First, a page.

Christmas Trivia

Christmas Trivia, Fun and Games

The three months at the end of the calendar year represent most retailers’ best hope for a successful year. Many do as much business then as in the preceding nine months. And that business revolves around the celebration of the birth of a Child more than two thousand years ago. So, in the spirit of the season, let’s take a brief look at interesting tidbits, back stories and other oddities that have developed during those years.

At Christmastime who do you picture drinking Coca Cola: Santa Claus or a Polar Bear?

The answer is pretty generational. From the time of W. Clement Moore’s poem that starts “’Twas the night before Christmas…” the portrayal of Santa Claus has varied from “a right jolly old elf” to the mental picture of Santa those of us of a certain age have of him that was inspired by a Michigan native of Swedish descent named Haddon Sundblom. Sundblom had been approached by the Coca Cola Company in 1931 to create the definitive Santa, and show him drinking Coke. During the next thirty-five Christmas seasons Santa, who bore an interesting likeness to his illustrator, would find Coke relaxing or energizing or something to share – depending on the Coke message at the time. After a variety of alternative approaches, Coke tasked the Creative Artists Agency, normally a firm that represented Hollywood stars, with the assignment of coming up with something different for the 1993 Coke Christmas campaign. The result was Polar Bears, animated to be sure, but definitely Polar Bears. Since then the bears have made periodic appearances in Coke messages, improving in their abilities as computer animation has evolved.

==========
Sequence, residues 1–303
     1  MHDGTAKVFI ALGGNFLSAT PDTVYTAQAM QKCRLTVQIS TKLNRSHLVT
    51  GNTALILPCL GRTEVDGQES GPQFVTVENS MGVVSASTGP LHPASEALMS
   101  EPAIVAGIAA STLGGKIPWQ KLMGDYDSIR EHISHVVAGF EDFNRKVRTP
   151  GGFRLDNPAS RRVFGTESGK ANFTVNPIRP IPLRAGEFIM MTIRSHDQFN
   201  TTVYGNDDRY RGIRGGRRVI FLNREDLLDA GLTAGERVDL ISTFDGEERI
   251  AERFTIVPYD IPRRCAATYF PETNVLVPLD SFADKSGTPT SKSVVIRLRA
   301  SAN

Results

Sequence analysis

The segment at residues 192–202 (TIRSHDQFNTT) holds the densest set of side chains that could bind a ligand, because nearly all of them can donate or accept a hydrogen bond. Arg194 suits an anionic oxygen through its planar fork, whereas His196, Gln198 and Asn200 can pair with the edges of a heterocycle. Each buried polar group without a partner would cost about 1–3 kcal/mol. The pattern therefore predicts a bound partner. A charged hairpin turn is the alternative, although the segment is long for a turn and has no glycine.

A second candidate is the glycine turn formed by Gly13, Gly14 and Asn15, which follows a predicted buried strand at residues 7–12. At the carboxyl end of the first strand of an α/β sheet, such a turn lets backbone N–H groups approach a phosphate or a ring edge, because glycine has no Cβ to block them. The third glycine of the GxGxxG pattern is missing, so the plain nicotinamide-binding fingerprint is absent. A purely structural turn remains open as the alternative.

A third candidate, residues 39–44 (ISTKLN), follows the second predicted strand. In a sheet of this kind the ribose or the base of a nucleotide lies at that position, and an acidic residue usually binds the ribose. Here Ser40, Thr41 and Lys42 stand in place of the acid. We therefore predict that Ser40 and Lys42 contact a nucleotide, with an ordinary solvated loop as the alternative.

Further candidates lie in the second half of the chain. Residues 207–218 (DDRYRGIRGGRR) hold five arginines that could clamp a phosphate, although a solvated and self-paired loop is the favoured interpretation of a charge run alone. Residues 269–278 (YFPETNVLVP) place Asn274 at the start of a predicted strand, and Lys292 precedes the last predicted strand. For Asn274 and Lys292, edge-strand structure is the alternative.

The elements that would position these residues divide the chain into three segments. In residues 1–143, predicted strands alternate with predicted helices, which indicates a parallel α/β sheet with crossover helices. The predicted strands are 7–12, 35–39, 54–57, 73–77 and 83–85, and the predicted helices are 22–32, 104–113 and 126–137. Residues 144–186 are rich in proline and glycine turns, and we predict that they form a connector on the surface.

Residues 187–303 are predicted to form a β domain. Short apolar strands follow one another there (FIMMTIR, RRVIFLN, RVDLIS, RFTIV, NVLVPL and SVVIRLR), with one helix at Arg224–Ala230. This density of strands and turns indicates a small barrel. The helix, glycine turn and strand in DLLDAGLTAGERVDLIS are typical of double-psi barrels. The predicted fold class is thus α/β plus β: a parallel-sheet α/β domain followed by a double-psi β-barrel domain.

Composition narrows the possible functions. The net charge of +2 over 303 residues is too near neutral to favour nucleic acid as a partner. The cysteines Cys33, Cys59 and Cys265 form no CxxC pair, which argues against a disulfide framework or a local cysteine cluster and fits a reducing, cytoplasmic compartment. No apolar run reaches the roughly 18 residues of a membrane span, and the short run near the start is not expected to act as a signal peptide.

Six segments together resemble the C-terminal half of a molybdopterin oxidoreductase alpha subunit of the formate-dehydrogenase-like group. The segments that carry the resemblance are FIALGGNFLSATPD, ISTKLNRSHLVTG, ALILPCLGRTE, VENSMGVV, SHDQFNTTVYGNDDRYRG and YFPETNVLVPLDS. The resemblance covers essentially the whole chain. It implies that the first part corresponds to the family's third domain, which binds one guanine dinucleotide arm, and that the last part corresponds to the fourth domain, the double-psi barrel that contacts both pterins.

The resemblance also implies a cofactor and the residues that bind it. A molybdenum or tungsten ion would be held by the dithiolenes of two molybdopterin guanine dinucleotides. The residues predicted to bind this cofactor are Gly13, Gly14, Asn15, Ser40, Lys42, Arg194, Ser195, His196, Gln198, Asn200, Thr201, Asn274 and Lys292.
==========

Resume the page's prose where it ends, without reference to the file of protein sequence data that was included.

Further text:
A Lot of Musical Trivia

Who was Olive and can you name the rest of Santa’s reindeer?

Olive is the “other reindeer” in the song Rudolph the Red-Nosed Reindeer, as in “Olive, the other reindeer, used to laugh and call him names… .” [It’s really “all of the other reindeer,” get it?] The traditional reindeer employed by Santa, after W. Clement Moore named them, were Dasher and Dancer, Prancer and Vixen, Comet and Cupid, Donder and Blitzen.

Ah, but do you recall, the Most Famous Reindeer Of All?

Rudolph was actually born/created in a promotional storybook by the Montgomery Ward department store back in 1939. As war clouds loomed over the horizon in Europe, Robert May, a Ward’s PR staffer, wrote the book which sold more than 6,000,000 copies for Ward’s. Ten years later, in 1949, Hecky Krasnow produced the recorded version that was sung by Gene Autry (the Singing Cowboy.) That spawned a legend, and an industry.

What’s the story behind Silent Night?

On Christmas Day in 1818, according to popular legend, Father Joseph Mohr was without music for his Christmas service at Nicola-Kirche (the Church of Saint Nicholas) in Oberndorf, Austria. The pipe organ had broken down (poor church mice had gnawed holes in the bellows) and there was no way to get it repaired in time for the service. Father Mohr had written a poem for a Christmas Mass he had held in 1816, and asked his choir director, Franz Gruber, if he could do something with it. Gruber remembered the music of his upbringing in the Austrian mountains and composed a song that could be sung by almost anyone. Together, accompanied by a guitar, Father Mohr and Choirmeister Gruber, sang what has become probably the most popular Christmas carol in the world.

Snack Time - Figgie Pudding Recipe

Figs were one of the first fruits cultivated in the cradle of civilization, then brought to England by the Romans, and put by the English into song as the traditional Christmas Carol “We Wish You A Merrie Christmas”. Or is it “Merry” and “Figgy”? We’re still working on that. (modern recipe)(from